Silk stabilizers could eliminate need for ‘cold chain’
||Section: Related Issues
Researchers have developed a new silk-based stabilizer that kept some vaccines and antibiotics stable up to temperatures of 140 degrees Fahrenheit.
The team said this result is a step toward eliminating the need to keep some vaccines and antibiotics refrigerated from manufacture until use with a “cold chain.” This could save billions of dollars every year and increase the accessibility of such drugs.
The investigators used silk protein matrices to immobilize the bioactive molecules in vaccines and antibiotics. These silk stabilizers protected the drugs when they were stored at higher-than-recommended temperatures and for periods far longer than recommended.
David Kaplan, PhD, of Tufts University School of Engineering in Massachusetts, and his colleagues described these results in PNAS.
Keeping medications cold from production until use is a costly process, accounting for as much as 80% of the price of vaccinations. And failures in the cold chain result in the loss of nearly half of all global vaccines, according to researchers.
In an attempt to solve these problems, Dr Kaplan and his colleagues have been working with silk films that essentially wrap up the live bioactive molecules present in antibiotics and vaccines. This protects these bioactive elements and can greatly extend the shelf-life of the medication.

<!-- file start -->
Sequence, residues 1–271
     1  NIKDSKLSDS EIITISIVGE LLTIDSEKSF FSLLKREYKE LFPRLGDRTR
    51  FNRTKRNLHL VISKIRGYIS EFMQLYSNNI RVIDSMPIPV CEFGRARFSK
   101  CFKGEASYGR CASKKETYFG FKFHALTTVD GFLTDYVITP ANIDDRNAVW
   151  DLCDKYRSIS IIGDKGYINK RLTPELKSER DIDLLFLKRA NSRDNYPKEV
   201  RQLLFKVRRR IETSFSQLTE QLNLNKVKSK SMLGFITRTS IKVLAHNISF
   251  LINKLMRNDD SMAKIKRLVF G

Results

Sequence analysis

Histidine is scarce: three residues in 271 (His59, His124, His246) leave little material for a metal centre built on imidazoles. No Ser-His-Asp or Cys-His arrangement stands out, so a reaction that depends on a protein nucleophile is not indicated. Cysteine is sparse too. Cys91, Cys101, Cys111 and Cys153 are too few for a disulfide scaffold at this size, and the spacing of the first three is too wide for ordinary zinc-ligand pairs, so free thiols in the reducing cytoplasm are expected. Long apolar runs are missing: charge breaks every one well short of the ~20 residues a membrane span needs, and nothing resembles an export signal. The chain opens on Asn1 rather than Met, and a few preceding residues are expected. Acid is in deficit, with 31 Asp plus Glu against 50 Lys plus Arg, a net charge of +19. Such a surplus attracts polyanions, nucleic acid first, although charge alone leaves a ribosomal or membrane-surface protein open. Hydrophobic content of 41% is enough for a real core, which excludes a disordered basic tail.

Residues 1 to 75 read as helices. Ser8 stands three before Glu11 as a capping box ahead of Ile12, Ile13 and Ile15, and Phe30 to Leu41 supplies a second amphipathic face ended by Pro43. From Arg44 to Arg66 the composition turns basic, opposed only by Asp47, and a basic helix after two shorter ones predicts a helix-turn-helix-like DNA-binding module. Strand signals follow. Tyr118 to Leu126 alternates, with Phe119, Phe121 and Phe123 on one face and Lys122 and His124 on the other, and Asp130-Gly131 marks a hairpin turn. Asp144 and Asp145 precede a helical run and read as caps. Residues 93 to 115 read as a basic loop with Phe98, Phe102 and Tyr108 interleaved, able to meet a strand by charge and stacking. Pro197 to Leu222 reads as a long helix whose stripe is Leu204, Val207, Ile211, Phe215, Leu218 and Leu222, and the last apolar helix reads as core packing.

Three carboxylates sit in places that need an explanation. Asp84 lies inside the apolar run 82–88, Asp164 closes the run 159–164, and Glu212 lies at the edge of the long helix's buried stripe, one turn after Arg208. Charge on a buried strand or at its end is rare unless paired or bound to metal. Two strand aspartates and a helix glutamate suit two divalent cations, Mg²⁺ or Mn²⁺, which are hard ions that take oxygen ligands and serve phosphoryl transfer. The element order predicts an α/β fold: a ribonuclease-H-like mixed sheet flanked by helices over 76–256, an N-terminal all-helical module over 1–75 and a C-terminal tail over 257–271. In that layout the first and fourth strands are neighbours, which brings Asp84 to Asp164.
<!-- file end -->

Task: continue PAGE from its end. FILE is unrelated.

“Silk protein has a unique structure and chemistry that makes it strong, resistant to moisture, stable at extreme temperatures, and biocompatible, all of which make it very useful for stabilizing antibiotics, vaccines, and other drugs,” Dr Kaplan said.
To test their silk stabilizers, the researchers stored measles, mumps, and rubella vaccines for 6 months at the recommended 39.2 degrees Fahrenheit, as well as at 77, 98.6, and 113 degrees Fahrenheit.
The results showed that encapsulation in the silk films maintained the potency with minimal loss over time and enhanced stability, even at very high storage temperatures.
Similarly, antibiotics entrapped in silk films maintained near optimal activity, even at temperatures as high as 140 degrees. In addition, the silk films protected one antibiotic against the detrimental effects of light exposure.
Dr Kaplan said the silk stabilizers are likely to combine well with a silk microneedle system he developed. The tiny needles can deliver medication directly to skin cells that contain a specified antigen.
This targeted approach permits the administration of lower doses of medication or vaccine and generates longer-lasting immune responses. The combination could prove to be a simple way to stabilize, distribute, and deliver the medication in one system.
Of course, more research is needed to determine if this approach will be effective and to ascertain the full potential of the silk stabilizers.
“New studies are already under way,” Dr Kaplan said. “We have already begun trying to broaden the impact of what we’re doing to apply to all vaccines. Based on what we’ve seen with other proteins, peptides, and enzymes, there’s no reason to believe that this wouldn’t be universal. This could potentially eliminate the need for a cold-chain system, greatly decreasing costs and enabling more widespread availability of these life-saving drugs.”
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